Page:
This is my mum's account (Mary Yates -nee Palmer) of what happened after she returned from being evacuated in North Wales. After returning from Canarfon, we lived at number 1 Whitefield Road with my gran and grandfather, mam and my Auntie Matt who was serving in the ATS. I went to school at Queens Road infants and I can remember they gave us gas masks and we did safety drills. We had a school caretaker who kept a dead snake in a bottle which we were allowed to see if we were good! I don't think that would be allowed today. When the blitz began we didn't go to the shelter, I was under the stairs in a cupboard with gran and Auntie Matt was asleep upstairs right under the window. A landmine went off in Breck Road and the blast from this blew out our windows and jammed the door of the under stairs cupboard shut. Amazingly Auntie Matt got covered in glass but was unscathed, however gran and I were trapped in the cupboard. Gran was screaming her head off and we were covered in dust and soot. The next thing I knew we were taken to a shelter which was by the local dairy; we were surrounded by people with soot blackened faces. They gave us jugs of fresh milk and I remember this tasted lovely, even though it had specks of soot floating in it. The house was deemed to be unfit to live in, so we all had to move to Uncle Albert's house at 3 Druid Street. This was a three storey house which was very narrow and with the additional occupants, very cramped and overcrowded. Auntie Matt had to sleep in the attic when she was home on leave and there was a hook in the ceiling; it was said that somebody had hanged themselves from it. She swore that while she was in bed someone or something tried to pull the bedclothes off her, after that no-one would go into the attic alone. Soon after we were allocated a house in the same street; as it was just three doors away we didn't need a handcart to move. It was in this house that I was to find out the reason why mam had been away to Southport; she brought home my twin sisters Peggy and Joan. This was around October of 1941.Mam was separated from my dad and the girls had a different father to me but he didn't marry mam. The air raids continued on a regular basis and we had to get organised every night for the shelters which had been built in the middle of the street. Trouble was they were dirty, smelly and damp. Some of them had bunks and it was always a rush to try and get into one of those. Once you got in, you had to wait then for the all clear, but what I hated the most was the sound of the bombs; the whistley whine which stopped just before the bomb hit and then you prayed then that it wasn't going to land on you. To be honest the shelters offered very little in the way of protection and virtually no chance of surviving a direct hit. I think this was why people refused to use them and took their chances in their own homes.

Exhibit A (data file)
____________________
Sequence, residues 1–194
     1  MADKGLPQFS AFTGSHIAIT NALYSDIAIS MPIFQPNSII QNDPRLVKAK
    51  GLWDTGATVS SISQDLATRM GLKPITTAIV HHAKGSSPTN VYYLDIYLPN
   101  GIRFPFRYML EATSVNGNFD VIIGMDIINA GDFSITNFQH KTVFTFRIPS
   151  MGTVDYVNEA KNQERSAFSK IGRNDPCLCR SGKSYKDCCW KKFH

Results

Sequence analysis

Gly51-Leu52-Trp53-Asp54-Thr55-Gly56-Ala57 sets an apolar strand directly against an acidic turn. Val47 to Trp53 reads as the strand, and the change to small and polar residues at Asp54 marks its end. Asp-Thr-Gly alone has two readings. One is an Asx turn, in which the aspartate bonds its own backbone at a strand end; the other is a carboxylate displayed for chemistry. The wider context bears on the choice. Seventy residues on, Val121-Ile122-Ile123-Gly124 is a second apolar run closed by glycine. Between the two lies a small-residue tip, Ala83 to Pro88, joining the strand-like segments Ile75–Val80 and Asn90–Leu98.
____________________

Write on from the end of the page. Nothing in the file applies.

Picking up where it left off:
By PaulaPage PaulaPage

This story was added on 25th February 2011

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